Nowhere in the Bay Area should chestnuts have been roasting on an open fire on Christmas due to a Spare the Air alert issued for that day, but some residents still lit logs in their fireplaces, an air district spokesman said Monday.
The Bay Area Air Quality Management District recorded 47 potential violations of the regional no-burn restriction, air district spokesman Ralph Borrmann said.
The district had declared a Spare the Air Day for the holiday, meaning residents were not allowed to burn wood, manufactured fire logs or any other solid fuel. A Spare the Air is issued when there is an unhealthy amount of particulate matter forecast for the region.
For the Christmas Spare the Air Day, the air district received 216 calls ranging from complaints to compliments, Borrmann said. Twelve air district inspectors worked on Christmas, patrolling the region and watching for smoke.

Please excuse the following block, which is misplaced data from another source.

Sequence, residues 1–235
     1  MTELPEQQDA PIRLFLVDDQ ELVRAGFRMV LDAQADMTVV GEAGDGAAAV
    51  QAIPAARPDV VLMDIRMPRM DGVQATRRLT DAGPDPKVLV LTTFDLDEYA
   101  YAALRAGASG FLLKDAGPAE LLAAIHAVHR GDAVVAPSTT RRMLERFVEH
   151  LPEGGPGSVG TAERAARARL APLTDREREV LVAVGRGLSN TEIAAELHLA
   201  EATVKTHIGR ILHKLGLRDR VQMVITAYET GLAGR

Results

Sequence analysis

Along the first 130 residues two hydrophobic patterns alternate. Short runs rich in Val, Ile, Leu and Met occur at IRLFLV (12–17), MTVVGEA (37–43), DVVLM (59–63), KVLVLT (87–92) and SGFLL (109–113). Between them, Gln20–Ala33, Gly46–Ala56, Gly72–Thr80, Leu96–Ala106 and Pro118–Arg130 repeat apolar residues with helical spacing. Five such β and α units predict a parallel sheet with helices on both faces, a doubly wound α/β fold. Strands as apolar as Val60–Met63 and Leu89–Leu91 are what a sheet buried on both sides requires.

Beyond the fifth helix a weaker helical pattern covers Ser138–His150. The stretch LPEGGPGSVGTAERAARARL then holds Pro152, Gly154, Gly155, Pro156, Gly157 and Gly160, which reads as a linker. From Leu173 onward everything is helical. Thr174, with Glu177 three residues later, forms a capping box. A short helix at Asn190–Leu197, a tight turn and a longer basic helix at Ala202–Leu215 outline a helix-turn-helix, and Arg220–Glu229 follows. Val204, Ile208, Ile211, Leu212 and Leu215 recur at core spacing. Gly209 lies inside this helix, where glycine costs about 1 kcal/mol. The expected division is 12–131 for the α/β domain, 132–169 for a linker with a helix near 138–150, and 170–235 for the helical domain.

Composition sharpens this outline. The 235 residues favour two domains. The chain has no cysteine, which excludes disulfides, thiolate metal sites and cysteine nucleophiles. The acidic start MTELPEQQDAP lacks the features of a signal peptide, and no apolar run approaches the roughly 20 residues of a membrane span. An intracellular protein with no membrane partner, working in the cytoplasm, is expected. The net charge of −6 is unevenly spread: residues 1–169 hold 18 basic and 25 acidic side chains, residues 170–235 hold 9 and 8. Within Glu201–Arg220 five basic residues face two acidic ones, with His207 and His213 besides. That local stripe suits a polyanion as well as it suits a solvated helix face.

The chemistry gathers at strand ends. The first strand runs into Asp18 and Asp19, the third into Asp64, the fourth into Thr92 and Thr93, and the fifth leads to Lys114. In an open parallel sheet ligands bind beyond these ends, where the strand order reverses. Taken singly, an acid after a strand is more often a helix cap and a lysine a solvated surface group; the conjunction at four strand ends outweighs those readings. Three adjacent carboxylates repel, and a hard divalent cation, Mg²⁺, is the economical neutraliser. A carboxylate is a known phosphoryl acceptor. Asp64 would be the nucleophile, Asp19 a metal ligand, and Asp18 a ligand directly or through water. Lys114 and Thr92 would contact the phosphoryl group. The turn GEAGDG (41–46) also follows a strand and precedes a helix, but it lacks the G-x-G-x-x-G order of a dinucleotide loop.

A violation does not automatically mean a resident will get a citation, Borrmann said. He said violations are entered into the air district's database, and that a citation is issued only if a resident has racked up more than one.
A citation carries a $400 fine paid to the air district.
Despite the 47 potential violations, the air quality didn't exceed the federal health standard, Borrmann said.
"It seems like people heard the message," he said.
Homes without permanent heating, where wood stoves or fireplaces are the only source of heat, are exempt from the ban, and fires used for cooking are also allowed.
The winter Spare the Air season runs from Nov. 1 through Feb. 28. The first Spare the Air alert this season was issued on Thanksgiving, and the
second was declared Dec. 9. Christmas was the third.